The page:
That’s a big question. I’ve always wanted to design an introductory course on science fiction or fantasy (doing both at the same time would be impossible). Selecting texts, however, is always a problem for any genre-specific course. Where do you start? Where do you end? Which movements do you represent or ignore? Do you risk bringing in texts that few people have heard of in the hope of trying to show the true breadth of the fantasy genre, or do you keep it simple and recognizable, at risk of being a little dull or cliche?
Now, I’m no expert on designing literature courses, primarily because I’m a fairly new educator. That said, if I were to devise an introductory sixteen week college course on fantasy literature, it would look something like the following:
Novels, etc. (in order by movement or period)
The Epic of Gilgamesh (pretty much the earliest fantasy text in existence) — Between 20th and 16th Centuries B.C.E.
The Odyssey by Homer (if any text has been integral to the creation of the modern fantasy genre, it is this one) — 8th Century B.C.E.
Phantastes by George MacDonald (1858) OR Alice in Wonderland by Lewis Carroll (1865)(either of these texts would be a great introduction to the trend of secondary-world fantasy we are so familiar with today)
The Metamorphosis and Other Stories by Franz Kafka (a lot of classic must-reads for early weird and magical realist writing here) — 1916-19
The Lord of the Rings by J.R.R. Tolkien (because you have to have it, even if you don’t want to) — 1954-55
Duncton Wood by William Horwood (by far one of the best animal fantasies ever written, but without all the swords and things) — 1980
The Shadow of the Torturer by Gene Wolfe (a unique and powerful fantasy story worth reading and discussing) — 1986
Ship of Magic by Robin Hobb (a great book for discussing social dynamics and issues of gender) — 1999
The House of the Stag by Kage Baker (an excellent modern fantasy tale with a wonderful fairytale twist) — 2008
Note: I would argue that The Epic of Gilgamesh, Beowulf, and The Odyssey are interchangeable. It really doesn’t matter where you start, because you can talk about all three of these texts without putting all of them on the curriculum. It really depends on personal tastes. Personally, I think the ones I selected for the list are more accessible for a more general audience; Beowulf can be a very difficult text for some folks.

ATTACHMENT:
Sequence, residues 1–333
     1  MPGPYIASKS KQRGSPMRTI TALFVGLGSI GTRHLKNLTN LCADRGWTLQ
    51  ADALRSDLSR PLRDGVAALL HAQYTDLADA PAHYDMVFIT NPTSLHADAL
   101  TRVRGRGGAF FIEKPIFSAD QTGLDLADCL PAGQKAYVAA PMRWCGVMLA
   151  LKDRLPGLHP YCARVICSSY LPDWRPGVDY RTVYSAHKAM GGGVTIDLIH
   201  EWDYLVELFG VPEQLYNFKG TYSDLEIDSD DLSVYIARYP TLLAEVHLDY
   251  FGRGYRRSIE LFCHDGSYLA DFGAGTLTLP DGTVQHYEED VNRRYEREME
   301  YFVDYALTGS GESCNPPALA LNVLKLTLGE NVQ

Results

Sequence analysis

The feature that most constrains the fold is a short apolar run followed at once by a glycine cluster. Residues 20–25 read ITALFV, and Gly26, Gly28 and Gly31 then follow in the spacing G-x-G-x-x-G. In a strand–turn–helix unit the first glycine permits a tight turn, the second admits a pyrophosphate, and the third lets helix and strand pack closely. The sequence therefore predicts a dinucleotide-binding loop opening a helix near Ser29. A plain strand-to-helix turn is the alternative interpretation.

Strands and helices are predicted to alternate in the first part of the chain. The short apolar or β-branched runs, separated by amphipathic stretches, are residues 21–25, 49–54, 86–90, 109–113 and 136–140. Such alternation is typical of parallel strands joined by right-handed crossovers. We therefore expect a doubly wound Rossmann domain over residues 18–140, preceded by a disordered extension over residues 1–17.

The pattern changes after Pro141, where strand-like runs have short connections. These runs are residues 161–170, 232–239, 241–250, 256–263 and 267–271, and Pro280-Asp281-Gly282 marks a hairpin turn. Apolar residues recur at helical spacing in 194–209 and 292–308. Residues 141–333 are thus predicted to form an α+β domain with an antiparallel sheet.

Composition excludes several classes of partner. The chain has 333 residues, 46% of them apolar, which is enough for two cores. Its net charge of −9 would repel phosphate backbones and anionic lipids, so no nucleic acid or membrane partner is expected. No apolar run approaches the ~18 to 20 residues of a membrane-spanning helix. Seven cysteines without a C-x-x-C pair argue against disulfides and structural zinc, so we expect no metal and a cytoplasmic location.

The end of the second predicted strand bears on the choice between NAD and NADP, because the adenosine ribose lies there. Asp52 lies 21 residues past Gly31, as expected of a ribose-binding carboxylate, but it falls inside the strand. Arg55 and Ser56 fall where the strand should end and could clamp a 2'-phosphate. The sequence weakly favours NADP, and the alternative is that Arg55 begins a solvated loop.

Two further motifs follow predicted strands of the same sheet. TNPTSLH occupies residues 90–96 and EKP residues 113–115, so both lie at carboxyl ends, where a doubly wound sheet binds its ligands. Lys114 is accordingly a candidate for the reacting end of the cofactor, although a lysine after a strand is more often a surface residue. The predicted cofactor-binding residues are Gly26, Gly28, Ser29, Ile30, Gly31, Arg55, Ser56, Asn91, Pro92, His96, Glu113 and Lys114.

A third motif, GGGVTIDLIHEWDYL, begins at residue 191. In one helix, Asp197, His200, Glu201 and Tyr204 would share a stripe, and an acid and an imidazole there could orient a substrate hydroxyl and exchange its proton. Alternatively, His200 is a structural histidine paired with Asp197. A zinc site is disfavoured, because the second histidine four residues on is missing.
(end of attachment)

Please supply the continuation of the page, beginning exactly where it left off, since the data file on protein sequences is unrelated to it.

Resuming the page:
I would also recommend shoving The Rings of the Nibelung by Richard Wagner immediately prior to The Lord of the Rings if there is space and time for it; it represents one of the most obvious precursors to Tolkien’s greatest works. You could even show the last act of the opera if you’re so inclined.
The Fantastic by Tzvetan Todorov (offers a provocative theoretical approach to literature and the fantastic) — 1973
Fantasy: The Literature of Subversion by Rosemary Jackson (another interesting theoretical text that would do some good for engaging with the novels above) — 1981
Rhetorics of Fantasy by Farah Mendlesohn (possibly one of the best critical texts to be written in the last ten years) — 2008
Note: Likely the texts in this section would be read in excerpts as supplements to the fiction reading. There are also essays I’d put in here that aren’t directly related to fantasy as supplements to specific themes and texts.
I don’t know if I’d show movies in such a course. There are a lot of films worth considering. For example, instead of reading The Lord of the Rings, you could having movie nights to watch the films (which I think are better than the books anyway). There are a lot of other interesting films to consider, such as: The Imaginarium of Doctor Parnassus, Legend, or The Fountain.
Looking above, it’s clear that I’m leaving out a lot of movements and genres–New Weird, Young Adult Fantasy, Urban Fantasy, and others. It’s inevitable, though.
So, any thoughts?